They say that schools are shut down in Minnesota

bus drivers bring meals, smiles to home-bound students

Today Churches, Synagogues, Mosques and Temples
are closed but are still serving people in new ways

All over the world people are slowing down and reflecting
All over the world people are looking at their neighbors in a new way
All over the world people are waking up to a new reality
To how big we really are.
To how little control we really have.
To what really matters.
To Love.

So we pray and we remember that
Yes there is fear.
But there does not have to be hate.
Yes there is isolation.
But there does not have to be loneliness.
Yes there is panic buying.
But there does not have to be meanness.
Yes there is sickness.
But there does not have to be disease of the soul
Yes there is even death.
But there can always be a rebirth of love.
Wake to the choices you make as to how to live now.

Today, breathe.
Listen, behind the factory noises of your panic
The birds are singing again
The sky is clearing,
Spring is coming,
And we are always encompassed by Love.
Open the windows of your soul
And though you may not be able
to touch across the empty square,



Prayers of Intercession

God of Love, we the people of the Diocese of Clogher turn to you with prayerful hearts and with confidence in your loving presence among us now and in every moment of our lives. We stand before you as a people of hope, trusting in your care and protection. May we be comforted by your love in these anxious times.


Generous and Merciful God, fill us with compassion and concern for others, young and old; that we may look after each other in these challenging times, especially those among us who are vulnerable. May your example give us the courage we need to go to the margins, wherever they may be. Heal us of our fear.


Healing God, bring healing to those who are sick with the Coronavirus and be with their families and neighbors. We pray especially who those who are isolated, that they may know your love. Stay by our side in this time of uncertainty and sorrow.

God of life, you weep with those who grieve. Unbind all who are held captive by anxiety, despair, or pain especially Thelma, Esther, Barb Peterson, Pam (Rodney Riese’s wife), Kathrine Sylvia, Jezel, Joelle, Ibrahim and Odeh (Rev. Niveen’s family), Norm, April Winters,  Brieanna,  Alice, Charissa Helling, Scott Kurth, Phyllis, Mary Knott, Ashley Nickolai, Laura Beckman, David Schwarm, Sara Sopiesczyk, Jeff Groethe, Edie Smith, Joan Bonstead, Ted Sanders, and Al Solomonson. Fill us with compassion and empathy for those who struggle, and keep us faithful in prayer.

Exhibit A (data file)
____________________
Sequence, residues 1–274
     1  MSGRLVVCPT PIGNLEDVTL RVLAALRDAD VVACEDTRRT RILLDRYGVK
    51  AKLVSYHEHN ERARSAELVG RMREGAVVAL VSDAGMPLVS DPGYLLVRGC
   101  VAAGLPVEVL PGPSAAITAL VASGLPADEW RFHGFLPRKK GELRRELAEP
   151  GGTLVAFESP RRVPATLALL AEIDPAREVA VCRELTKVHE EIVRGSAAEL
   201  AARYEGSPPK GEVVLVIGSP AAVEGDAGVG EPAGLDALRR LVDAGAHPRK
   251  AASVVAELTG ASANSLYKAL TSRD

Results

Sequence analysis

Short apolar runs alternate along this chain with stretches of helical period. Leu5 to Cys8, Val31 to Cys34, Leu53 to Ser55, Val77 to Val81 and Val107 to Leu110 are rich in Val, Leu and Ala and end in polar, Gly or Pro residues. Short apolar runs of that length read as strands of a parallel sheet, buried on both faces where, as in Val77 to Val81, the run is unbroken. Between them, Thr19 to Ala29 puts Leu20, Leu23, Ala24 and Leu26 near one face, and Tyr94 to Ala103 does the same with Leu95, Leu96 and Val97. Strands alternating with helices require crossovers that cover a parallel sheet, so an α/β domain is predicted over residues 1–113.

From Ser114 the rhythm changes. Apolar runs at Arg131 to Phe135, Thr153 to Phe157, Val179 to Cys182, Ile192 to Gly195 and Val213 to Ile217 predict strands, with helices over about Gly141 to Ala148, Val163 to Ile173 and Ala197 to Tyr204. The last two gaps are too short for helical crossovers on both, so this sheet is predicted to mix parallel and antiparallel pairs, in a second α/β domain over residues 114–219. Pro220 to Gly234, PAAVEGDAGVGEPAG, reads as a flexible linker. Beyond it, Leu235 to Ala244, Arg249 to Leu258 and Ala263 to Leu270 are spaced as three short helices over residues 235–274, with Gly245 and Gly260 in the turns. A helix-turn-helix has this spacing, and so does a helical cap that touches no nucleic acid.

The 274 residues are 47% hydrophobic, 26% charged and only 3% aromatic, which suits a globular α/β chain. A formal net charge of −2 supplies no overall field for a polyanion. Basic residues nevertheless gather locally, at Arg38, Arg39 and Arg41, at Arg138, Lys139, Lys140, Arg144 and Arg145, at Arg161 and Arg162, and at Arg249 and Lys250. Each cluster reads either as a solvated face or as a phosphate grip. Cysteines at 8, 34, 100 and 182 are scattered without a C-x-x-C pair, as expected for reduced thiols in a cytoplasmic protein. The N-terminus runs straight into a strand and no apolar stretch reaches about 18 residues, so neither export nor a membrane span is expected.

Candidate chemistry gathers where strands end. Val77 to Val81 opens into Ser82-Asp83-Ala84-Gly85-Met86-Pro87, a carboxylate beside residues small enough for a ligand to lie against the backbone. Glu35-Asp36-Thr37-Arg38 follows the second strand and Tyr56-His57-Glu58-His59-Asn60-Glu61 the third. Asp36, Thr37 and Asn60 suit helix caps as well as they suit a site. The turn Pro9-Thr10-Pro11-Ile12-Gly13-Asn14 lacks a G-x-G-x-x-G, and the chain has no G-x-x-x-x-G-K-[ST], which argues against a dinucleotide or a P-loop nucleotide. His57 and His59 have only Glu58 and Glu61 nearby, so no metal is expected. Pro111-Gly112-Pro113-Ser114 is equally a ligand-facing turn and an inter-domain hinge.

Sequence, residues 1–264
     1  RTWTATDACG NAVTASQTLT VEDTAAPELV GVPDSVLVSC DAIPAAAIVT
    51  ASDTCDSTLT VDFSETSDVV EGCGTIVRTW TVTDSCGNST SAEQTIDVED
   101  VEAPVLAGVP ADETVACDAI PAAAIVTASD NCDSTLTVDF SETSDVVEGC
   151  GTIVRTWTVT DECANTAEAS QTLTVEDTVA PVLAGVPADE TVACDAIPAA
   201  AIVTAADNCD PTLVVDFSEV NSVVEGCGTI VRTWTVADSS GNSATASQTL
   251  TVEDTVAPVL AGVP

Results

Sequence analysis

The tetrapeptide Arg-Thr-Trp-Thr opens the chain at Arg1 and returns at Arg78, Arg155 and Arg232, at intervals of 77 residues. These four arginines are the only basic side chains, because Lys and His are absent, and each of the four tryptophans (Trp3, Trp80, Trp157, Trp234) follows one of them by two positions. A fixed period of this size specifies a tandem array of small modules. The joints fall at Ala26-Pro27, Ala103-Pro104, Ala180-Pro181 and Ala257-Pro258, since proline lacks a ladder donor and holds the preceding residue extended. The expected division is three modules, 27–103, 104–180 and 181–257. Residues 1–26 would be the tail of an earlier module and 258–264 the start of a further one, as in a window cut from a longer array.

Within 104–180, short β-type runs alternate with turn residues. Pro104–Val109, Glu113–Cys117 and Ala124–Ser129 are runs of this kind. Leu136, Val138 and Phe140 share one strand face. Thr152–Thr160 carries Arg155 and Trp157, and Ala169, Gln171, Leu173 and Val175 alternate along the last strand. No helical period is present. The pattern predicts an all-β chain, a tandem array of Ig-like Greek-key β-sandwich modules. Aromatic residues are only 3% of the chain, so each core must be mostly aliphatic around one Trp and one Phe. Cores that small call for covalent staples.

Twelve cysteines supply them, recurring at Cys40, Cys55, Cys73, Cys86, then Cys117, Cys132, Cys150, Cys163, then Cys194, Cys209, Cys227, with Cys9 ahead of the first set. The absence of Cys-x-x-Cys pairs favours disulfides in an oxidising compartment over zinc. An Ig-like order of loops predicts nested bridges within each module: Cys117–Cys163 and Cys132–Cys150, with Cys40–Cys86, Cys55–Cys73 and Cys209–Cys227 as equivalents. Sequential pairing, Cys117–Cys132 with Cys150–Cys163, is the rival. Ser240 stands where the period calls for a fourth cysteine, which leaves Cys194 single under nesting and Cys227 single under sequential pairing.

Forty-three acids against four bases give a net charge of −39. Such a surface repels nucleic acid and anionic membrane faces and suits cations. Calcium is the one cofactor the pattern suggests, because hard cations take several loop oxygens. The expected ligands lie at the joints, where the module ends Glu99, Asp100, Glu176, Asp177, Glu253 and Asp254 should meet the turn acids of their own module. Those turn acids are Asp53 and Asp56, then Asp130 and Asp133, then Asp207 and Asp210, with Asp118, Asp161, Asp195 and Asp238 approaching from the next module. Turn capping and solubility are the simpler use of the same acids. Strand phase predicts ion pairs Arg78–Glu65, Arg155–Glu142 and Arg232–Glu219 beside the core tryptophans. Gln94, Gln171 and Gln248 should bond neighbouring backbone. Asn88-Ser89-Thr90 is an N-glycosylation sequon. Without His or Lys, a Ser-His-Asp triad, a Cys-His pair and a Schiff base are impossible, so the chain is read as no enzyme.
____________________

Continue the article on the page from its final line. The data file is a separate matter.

God of Strength, accompany all those who serve us with such love and generosity in the medical profession and in all our healthcare facilities. We give thanks for their continued work in the service of people. We ask you to bless them, strengthen them and guide them with your abundant goodness.


God of Wisdom, we ask you to guide the leaders in healthcare and governance; that they may make the right decisions for the wellbeing of people.


O God of creation and God of life, we, your people here in Wisconsin, place ourselves and our world in your protection and love. May your peace be with us and enfold us today, tomorrow and during the time ahead.


God of the living, United with all who have died in the faith, especially those we remember now, we pray that at the end we will join with them in your presence.


Merciful God, accompany our journey through these forty days. Renew us in the gift of Baptism, that we may provide for those who are poor, pray for those in need, fast from self-indulgence, and above all that we may find our treasure in the life of your Son, Jesus Christ, our Savior and Lord, who lives and reigns with you and the Holy Spirit, one God, now and forever.


Our Father, who art in heaven,

hallowed be thy name,

thy kingdom come,

thy will be done,

on earth as it is in heaven.

Give us this day our daily bread;

and forgive us our trespasses,

as we forgive those

who trespass against us;

and lead us not into temptation,

but deliver us from evil.

For thine is the kingdom,